What is interesting about the format of Halloween, is that the tight knit group that we are use to seeing in Slasher's, didn’t really exist here, there are no scenes where they all become alerted as a group to whom the big bad is and then unite as a team to fight it. Instead, the bogeyman Michael Myers is stealthy, no one notices him (except for Laurie) leaving everyone to roam around as normal and to be picked off one-by-one in isolation. In films like I Know What You Did Last Summer (1997) or Final Destination (2000) the group usually (eventually) becomes aware of the evil and they band together to fight it off, which contributes to the drama. In Halloween, all of Laurie’s 'group' are killed before she truly encounters Michael which in itself is horrifying because of the ignorance of a nearby, but unseen danger. Even in fighting back, we still see that the final girl trope is in its infancy, as it is a male hero, Doctor Loomis (Donald Pleasence), enters the scene in the nick of time and ‘ejects’ Michael through a window. 40 years later and the situation comes full circle, where now Laurie Strode is well versed in all things Michael Myers and has a skill set akin to that of a militia warrior to deal with him. Sarah Connor in the The Terminator (1984) could easily be compared to Laurie Strode, as both Michael Myers and the T-800 series cyborg are two unstoppable forces, with similar mindsets, hell bent on killing one person and not averse to killing anyone that gets in the way of their mission. And just like Laurie empowers herself years later, Sarah Connor, in T2 Judgement Day (1991) also expands as a character, having evolved into a gun-toting, trap-setting bad ass too.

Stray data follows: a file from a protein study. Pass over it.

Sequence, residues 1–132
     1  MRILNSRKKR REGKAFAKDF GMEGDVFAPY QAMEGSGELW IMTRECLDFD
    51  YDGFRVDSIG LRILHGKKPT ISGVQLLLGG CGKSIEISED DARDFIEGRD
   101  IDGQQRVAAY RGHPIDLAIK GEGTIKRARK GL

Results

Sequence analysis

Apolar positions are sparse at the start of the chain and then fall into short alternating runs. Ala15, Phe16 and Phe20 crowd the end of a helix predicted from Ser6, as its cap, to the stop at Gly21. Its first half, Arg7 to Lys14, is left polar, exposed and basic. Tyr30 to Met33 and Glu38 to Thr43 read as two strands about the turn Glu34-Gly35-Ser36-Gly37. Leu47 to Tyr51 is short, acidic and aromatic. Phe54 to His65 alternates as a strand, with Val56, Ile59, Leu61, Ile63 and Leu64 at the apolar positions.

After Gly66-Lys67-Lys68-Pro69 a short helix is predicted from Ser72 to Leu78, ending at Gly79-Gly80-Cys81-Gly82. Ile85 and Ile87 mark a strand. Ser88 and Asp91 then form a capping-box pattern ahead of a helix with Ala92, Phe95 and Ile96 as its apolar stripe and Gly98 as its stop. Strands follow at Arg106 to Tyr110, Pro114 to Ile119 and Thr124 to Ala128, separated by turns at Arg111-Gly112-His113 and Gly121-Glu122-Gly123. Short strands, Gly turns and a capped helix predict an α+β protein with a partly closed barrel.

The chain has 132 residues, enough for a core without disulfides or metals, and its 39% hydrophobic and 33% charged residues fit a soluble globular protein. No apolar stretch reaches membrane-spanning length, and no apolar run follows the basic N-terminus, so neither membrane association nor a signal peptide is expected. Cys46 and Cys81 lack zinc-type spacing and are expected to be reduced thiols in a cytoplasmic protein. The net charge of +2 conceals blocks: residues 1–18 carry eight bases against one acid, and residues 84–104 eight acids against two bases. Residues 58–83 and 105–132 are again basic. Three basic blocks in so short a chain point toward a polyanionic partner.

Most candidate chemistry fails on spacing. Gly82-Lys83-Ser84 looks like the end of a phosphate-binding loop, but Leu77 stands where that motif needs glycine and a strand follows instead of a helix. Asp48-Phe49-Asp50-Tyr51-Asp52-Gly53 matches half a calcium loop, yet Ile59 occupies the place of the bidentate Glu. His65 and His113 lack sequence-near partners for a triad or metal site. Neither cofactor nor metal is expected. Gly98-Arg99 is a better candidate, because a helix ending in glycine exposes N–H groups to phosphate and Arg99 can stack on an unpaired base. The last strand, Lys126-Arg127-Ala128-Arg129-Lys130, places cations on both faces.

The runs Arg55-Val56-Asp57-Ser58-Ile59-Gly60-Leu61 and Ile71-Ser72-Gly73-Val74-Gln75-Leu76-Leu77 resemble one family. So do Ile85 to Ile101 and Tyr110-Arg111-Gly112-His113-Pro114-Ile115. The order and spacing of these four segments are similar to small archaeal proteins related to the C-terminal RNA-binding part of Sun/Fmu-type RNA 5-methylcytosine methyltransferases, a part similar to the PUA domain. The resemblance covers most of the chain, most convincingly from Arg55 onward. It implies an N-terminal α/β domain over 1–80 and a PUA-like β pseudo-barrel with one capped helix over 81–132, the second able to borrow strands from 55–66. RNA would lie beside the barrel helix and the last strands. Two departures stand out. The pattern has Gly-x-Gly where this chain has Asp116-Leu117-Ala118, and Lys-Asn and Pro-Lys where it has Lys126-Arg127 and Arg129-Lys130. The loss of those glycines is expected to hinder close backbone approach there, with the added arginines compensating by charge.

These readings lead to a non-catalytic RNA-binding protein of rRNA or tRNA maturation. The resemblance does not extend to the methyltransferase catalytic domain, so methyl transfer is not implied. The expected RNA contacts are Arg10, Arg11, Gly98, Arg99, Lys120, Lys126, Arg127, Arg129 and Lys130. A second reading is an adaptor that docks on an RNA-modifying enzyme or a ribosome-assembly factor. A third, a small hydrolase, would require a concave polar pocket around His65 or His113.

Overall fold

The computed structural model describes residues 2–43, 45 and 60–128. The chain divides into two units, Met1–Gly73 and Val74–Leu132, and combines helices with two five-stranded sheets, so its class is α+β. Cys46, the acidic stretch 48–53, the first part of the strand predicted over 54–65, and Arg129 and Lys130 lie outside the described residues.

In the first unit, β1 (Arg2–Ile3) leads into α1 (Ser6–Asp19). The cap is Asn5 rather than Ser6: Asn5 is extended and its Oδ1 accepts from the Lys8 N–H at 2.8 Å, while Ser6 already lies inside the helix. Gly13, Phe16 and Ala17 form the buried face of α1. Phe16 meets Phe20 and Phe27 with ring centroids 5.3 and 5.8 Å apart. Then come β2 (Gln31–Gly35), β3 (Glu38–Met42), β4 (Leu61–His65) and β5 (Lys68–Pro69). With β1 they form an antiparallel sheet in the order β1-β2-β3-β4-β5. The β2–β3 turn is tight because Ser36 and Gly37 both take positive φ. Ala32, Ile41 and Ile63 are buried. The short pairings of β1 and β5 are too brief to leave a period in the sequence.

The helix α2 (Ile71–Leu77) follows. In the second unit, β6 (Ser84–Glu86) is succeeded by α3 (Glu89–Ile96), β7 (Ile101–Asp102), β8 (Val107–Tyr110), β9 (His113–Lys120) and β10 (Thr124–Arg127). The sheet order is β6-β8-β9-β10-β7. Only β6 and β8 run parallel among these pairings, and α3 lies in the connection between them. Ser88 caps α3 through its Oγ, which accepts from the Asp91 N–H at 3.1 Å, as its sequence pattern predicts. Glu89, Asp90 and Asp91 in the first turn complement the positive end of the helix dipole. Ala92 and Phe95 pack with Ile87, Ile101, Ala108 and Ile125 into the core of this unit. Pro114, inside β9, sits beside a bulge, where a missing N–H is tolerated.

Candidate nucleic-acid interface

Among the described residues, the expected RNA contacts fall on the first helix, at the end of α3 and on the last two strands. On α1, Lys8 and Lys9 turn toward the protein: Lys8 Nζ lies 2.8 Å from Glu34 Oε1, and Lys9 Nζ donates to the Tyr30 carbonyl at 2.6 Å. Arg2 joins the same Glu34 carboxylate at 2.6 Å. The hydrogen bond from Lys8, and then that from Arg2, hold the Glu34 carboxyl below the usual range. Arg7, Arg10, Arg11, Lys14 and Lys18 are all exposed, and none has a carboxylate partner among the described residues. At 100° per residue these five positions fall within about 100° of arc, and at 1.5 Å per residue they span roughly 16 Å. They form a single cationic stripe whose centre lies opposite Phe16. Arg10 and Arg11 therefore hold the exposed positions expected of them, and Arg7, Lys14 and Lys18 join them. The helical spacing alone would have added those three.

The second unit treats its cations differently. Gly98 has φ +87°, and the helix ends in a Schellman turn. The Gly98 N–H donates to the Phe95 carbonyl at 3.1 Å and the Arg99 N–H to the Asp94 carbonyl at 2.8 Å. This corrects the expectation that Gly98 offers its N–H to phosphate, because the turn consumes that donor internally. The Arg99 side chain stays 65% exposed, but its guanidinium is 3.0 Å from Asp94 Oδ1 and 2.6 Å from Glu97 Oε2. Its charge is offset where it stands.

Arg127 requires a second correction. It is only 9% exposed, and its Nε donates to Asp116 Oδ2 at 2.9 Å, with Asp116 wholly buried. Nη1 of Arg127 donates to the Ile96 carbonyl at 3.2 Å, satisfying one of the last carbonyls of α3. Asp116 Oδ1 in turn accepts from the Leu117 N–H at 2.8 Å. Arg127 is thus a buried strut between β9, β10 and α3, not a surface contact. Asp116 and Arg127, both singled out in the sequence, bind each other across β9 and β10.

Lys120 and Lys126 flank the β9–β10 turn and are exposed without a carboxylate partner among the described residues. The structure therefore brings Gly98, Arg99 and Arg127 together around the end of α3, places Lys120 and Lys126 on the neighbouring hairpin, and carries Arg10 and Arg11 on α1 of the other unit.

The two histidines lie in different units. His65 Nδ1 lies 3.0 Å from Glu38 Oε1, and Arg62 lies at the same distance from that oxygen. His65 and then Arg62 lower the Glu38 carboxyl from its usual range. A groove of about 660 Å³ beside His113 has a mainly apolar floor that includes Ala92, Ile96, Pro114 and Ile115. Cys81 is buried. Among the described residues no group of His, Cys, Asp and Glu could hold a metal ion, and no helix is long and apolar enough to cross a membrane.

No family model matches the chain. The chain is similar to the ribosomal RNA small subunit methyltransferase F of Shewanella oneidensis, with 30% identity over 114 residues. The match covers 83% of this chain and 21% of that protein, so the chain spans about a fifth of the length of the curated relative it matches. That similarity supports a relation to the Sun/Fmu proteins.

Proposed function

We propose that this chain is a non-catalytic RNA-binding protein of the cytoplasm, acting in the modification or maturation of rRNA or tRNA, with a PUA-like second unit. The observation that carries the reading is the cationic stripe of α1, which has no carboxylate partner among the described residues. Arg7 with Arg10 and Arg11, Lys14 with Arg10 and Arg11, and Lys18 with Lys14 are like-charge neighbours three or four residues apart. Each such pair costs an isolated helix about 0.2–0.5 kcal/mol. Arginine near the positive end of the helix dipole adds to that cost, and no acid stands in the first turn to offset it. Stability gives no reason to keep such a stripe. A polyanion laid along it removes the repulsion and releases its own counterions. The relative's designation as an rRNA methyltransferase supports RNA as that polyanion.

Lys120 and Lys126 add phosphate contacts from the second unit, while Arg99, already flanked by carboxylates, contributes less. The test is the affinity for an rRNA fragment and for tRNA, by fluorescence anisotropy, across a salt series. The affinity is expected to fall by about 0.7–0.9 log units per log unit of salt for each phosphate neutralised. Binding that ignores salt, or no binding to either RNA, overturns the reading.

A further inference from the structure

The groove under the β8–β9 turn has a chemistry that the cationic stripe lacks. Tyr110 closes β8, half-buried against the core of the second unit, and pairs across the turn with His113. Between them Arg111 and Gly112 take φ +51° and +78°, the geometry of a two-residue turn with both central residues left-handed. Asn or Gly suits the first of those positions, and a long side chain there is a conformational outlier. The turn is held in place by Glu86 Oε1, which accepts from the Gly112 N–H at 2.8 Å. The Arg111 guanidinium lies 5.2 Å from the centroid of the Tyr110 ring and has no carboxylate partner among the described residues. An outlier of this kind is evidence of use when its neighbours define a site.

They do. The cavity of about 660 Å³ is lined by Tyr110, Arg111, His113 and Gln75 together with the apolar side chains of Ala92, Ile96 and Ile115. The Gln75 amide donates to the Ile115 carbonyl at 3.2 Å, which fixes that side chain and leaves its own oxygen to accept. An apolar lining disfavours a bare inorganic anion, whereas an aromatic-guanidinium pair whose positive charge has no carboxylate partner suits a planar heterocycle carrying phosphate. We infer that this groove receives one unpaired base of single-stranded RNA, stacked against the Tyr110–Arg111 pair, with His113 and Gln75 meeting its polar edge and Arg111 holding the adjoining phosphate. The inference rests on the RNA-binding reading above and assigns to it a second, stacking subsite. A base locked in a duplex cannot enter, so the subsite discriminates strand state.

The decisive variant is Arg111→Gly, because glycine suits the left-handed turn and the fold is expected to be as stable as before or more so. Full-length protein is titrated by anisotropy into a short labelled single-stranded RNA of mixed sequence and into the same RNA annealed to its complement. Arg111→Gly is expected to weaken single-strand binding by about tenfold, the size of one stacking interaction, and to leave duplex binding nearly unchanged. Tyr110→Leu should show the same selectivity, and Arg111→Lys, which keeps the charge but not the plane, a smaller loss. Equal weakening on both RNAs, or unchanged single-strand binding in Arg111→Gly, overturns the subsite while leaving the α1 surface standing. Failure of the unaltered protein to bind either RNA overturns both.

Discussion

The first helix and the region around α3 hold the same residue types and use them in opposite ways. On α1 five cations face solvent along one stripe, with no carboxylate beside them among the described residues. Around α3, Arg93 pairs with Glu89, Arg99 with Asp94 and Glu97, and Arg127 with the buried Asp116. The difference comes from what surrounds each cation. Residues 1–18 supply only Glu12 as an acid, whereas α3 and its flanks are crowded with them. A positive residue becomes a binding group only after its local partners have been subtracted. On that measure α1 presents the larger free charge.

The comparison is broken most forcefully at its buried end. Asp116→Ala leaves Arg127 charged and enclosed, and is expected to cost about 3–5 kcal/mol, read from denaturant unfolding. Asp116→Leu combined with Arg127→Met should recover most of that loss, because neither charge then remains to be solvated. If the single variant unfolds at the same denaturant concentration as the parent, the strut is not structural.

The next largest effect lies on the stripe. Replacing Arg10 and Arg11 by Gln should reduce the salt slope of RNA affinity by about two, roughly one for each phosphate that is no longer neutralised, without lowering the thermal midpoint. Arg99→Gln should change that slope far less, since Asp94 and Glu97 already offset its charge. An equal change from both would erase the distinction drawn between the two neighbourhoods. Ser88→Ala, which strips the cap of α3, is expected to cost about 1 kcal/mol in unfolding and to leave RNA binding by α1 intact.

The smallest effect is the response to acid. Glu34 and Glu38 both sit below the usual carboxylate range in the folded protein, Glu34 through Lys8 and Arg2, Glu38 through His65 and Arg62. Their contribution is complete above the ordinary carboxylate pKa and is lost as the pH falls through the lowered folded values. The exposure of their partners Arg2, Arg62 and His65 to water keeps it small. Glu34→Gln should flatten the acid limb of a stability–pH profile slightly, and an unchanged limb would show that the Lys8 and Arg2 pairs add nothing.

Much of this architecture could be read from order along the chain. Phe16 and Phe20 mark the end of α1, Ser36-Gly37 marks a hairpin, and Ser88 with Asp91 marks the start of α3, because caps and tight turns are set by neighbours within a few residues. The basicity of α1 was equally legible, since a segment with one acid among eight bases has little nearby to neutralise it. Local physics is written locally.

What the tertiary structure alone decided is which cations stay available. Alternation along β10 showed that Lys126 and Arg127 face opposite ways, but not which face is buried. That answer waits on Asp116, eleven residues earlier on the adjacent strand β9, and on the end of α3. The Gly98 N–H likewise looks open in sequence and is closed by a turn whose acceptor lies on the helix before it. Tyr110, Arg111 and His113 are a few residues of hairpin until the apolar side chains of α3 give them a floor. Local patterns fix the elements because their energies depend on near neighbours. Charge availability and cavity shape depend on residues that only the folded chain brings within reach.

Appearing in three of the NOES films, Nancy uses her brains to try and combat, not so much Freddy Kruger at first, but falling asleep. When this becomes too hard, she relies on uncovering the personal legend behind Krueger and then discovers her own supernatural power somewhere in the process. Nancy Thompson may also be the first final girl to outwit a supernatural foe, which may have been the prototype that led to so many other movies taking this route. Instead of meeting force with force, solving a mystical conundrum, revolving around the villain's mythology became the solution. A lot of thought went into understanding dream psychology and fear, drawing on the night terrors that humans truly have and so this gave the earlier entries of the NOES a more respectable standing and potency. In NOES 3 – Dream Warriors, we get one of the most organised and unified team of victims ready to fight back and they are all imbued with powers to fight the evil. This made the plot fresh, as most horrors needed the victims to be completely powerless and have the audience empathise with their total helplessness and jeopardy. But even in knowing that each character is headed for their own personal gallows, the ace in the hole was in crafting bespoke deaths, that directly linked to a character's personal fears and trauma and with the exception of the Saw films, I don't think any other franchise or one shot film ever made the life of a character so connected to their death. The Wishmaster films are another bunch of stories that rallied around the idea of the final girl using cunning and trickery to resolve the peril, making audiences think as much as they did jump.